Draft plans for a £193m road development around Stonehenge have been published - but there are still divisions over the details.
Before (top) and after, as envisaged in the plan
It is hoped that the re-routing of the A303 road, and a £57m visitor centre, will rescue the World Heritage site from its label as "a national disgrace."
The scheme proposes making the single-carriageway road dual at its busiest
section and re-routing it out of sight of the stones by boring a tunnel.
But the National Trust, while supporting the overall scheme, has reiterated its call for the 2.1 km tunnel proposed by the government, to be lengthened.
"I urge people to visit the exhibition so they can understand and support this essential scheme
Trust territory director Martyn Heighton said: "We are not convinced that the plan for a 2.1km tunnel will adequately safeguard the integrity of the site.
"There are strong archaeological and curatorial reasons for building as long a tunnel as possible, to preserve and enhance the qualities of the site."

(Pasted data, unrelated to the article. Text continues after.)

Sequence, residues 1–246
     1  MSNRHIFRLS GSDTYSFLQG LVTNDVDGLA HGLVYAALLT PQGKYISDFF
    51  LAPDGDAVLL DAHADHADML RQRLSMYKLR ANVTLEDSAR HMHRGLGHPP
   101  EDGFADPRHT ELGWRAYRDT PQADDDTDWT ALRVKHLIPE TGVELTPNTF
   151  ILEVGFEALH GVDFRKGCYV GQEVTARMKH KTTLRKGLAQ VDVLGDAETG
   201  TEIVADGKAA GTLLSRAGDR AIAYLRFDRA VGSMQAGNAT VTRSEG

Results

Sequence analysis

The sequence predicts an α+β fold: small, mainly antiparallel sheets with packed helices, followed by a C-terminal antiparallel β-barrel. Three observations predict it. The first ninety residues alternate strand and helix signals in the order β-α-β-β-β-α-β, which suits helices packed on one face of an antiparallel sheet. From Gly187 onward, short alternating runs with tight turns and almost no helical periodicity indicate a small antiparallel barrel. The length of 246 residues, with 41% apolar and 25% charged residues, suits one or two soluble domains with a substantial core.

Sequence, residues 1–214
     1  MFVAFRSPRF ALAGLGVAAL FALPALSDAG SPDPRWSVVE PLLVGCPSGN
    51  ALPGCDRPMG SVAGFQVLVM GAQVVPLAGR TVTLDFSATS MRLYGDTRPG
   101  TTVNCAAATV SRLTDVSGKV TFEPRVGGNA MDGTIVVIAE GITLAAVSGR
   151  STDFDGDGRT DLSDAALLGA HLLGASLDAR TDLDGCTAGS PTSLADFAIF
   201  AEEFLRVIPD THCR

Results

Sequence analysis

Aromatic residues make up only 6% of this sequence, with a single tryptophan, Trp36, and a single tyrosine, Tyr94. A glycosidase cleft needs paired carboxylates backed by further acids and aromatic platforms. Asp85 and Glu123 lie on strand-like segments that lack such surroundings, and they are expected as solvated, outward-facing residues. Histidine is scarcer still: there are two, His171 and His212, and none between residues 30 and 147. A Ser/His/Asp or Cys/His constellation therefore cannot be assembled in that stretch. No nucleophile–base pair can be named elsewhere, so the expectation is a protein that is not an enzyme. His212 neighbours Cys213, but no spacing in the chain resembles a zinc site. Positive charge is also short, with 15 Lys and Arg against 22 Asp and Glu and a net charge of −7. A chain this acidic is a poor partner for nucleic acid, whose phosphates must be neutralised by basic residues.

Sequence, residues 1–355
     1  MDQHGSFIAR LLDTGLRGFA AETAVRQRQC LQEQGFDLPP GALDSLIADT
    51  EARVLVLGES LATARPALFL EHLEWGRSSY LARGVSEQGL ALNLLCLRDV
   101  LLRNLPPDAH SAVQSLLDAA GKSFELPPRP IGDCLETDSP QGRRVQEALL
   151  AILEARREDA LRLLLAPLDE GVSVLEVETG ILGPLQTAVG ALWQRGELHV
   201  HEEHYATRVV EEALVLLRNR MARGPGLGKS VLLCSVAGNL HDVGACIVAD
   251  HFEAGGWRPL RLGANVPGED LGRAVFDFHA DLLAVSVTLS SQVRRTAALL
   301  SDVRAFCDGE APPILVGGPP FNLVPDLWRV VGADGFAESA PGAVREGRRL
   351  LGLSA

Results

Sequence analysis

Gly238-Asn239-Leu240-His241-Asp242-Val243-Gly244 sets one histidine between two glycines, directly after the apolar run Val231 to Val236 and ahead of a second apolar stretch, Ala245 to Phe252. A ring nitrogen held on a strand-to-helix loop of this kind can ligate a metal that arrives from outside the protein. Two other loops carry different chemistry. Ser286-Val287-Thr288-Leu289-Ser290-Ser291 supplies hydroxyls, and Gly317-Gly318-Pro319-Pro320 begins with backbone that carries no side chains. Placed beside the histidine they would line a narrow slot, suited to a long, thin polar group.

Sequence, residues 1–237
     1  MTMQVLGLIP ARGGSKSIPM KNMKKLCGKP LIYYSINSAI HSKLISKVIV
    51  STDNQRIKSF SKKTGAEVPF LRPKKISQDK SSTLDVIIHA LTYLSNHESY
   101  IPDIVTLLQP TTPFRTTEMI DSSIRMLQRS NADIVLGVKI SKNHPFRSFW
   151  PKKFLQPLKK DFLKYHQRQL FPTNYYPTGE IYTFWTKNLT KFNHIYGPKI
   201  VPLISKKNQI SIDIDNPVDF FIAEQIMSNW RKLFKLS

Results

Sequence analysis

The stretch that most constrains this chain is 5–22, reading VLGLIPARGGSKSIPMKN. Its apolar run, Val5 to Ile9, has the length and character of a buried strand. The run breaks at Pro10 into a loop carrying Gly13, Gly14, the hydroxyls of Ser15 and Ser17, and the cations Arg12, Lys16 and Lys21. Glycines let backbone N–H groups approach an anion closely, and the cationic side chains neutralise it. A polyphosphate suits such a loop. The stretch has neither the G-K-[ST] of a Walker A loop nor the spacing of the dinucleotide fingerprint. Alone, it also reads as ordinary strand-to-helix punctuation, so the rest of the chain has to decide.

Landowners the National Trust, monument keepers English Heritage and the
Highways Agency are working together on the scheme.
The publishing of the report sets off a 12-week public consultation period.
View and comment
It is thought the scheme will go to a public inquiry in the autumn to settle differences with work starting by 2005 if approved.
Project manager Chris Jones said: "The scheme would relieve blighted communities such as Winterbourne Stoke, protect and
preserve this country's heritage and provide Stonehenge with the setting and facilities it deserves.
"I urge people to visit the exhibition so they can understand and support this essential scheme."
People can view and comment on the plans at the Antrobus Arms Hotel,
Amesbury, from Thursday 12 June to Saturday 14 June from 1000 to 2000 BST weekdays and until 1700 on Saturday.